Review: Orchestrata by Audio Reward


Orchestrata is a fun and unusual library that can be very useful if you let go of the idea of “realistic” orchestras samples and embrace the idea of synthesis through orchestral sound sources.

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Review: Orchestrata by Audio Reward

Audio Reward’s Orchestrata stands on the idea of being everything that typical orchestral sample libraries are not. It is not meant to create “mockups” or sound like a real recorded orchestra, but rather blur the line between synthesis and sample libraries. While the sound might not be everyone’s cup of tea and the interface can be a bit confusing at first, there’s a lot to enjoy here once you embrace the orchestral synthesis state of mind.

Orchestrata sells for £35.00 from Audio Reward


The main draw of Orchestrata are the many ways of manipulating the source material, including the dual layer architecture, scene controls, and FX sends.

The primary panel is split down the middle – at the top of each column you can choose from a large variety of orchestral sound sources and set a key range for each. Going down, the basic controls including Volume, Pan, Pitch, Attack, and Release are all readily available. These are also the “scene” controls, which I’ll get into a little further down.

There is a row of four “send” knobs which control the mix of effects which you can choose in the FX rack panel. Unfortunately they are always labeled “Send” rather than the name changing to whichever effect you choose, so I found myself having to bounce back and forth between interface panels to remember which effect was in which slot. There are also four “spaces” to choose from here which toggle on/off different convolution reverbs, but there doesn’t seem to be a way to control the parameters of these. Finally, the bottom row is taken up by two gate controls which can add movement to filters, volume, panning, or distortion. The basics are all there including speed, steps, and retrigger.

Clicking the “Filter” tab on each column opens up some basic filter controls including high pass, low pass, and band pass. These can also be oscillated with an LFO on the same page.

The big knob on top of the middle column is the “scene” control. Here you can set three scenes (A, B, or C) and use the modwheel to crossfade between the scenes you program. Volume, Pan and Pitch can be manipulated via this somewhat unique feature, allowing for some interesting sound morphing. The drift knob below sets the range of how far out of tune the samples will oscillate. Below that is a randomise button that scrambles the paramters in the “Main” tab, and a Unison button (I had to look up what this was doing via the manual) which doubles the amount of voices playing for a thicker sound.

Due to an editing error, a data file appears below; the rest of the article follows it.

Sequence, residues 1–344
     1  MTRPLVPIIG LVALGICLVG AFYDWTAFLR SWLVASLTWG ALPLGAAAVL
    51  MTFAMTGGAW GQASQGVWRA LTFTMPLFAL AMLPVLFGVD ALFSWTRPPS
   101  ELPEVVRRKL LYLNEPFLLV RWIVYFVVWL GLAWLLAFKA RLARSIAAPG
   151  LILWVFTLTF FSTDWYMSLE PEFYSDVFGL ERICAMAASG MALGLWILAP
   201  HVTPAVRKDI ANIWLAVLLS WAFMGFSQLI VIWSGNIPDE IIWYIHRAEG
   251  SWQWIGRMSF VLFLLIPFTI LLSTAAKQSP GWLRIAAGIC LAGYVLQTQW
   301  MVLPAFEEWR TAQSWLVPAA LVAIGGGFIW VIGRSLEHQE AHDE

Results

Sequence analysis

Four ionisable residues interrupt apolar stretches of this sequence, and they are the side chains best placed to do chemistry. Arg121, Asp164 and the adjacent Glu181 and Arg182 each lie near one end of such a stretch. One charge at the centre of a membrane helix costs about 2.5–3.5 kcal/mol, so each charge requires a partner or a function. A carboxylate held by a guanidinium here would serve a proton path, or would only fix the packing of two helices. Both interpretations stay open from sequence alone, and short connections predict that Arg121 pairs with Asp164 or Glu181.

The FX rack panel is where we can assign the “Send 1-4” knobs that we saw earlier. There is a reverb, Delay, Chorus, Flanger, and Phaser, all with basic parameters for tweaking. Automating the sends could make for some interesting sound design and weirdness.

Don’t buy Orchestrata if you’re looking for realistic orchestral sounds. While the source material technically consists of real orchestral recordings, the aim here is to treat them as sources for a synth. It’s hard to comment on the overall sound of a product like this since it can make so many different sounds in the end. But the common thread through every sound that comes out of this engine is that organic “almost orchestra” feeling. This could be really useful for something like that lo-fi, old school video game soundtrack vibe.

This sound isn’t everyone’s scene, myself included. But there’s a niche for everything, and this library offers much more than just retro orchestral samples. Thanks to the the scene controls, gates, and effects, you can get some surprisingly modern sounds out of Orchestrata: waves of distortion via the gates, wandering filters on an LFO, and morphing timbres from scene to scene.

The best way to treat Orchestrata is as a synthesis and sound design tool to create something unique rather than just another violin. If you treat it this way, it will treat you nicely in return.


Orchestrata is a ROMpler style instrument that uses public domain orchestral samples as its source material and features Audio Reward’s DOSA engine. There are over 1,700 samples and 184 different articulations/voicings, and over 100 preset snapshots, weighing in at 2.1gb installed.

Orchestrata requires the full retail version of Kontakt 5.7 or higher.

Orchestrata sells for £35.00 from Audio Reward


Demos of Orchestrata by Audio Reward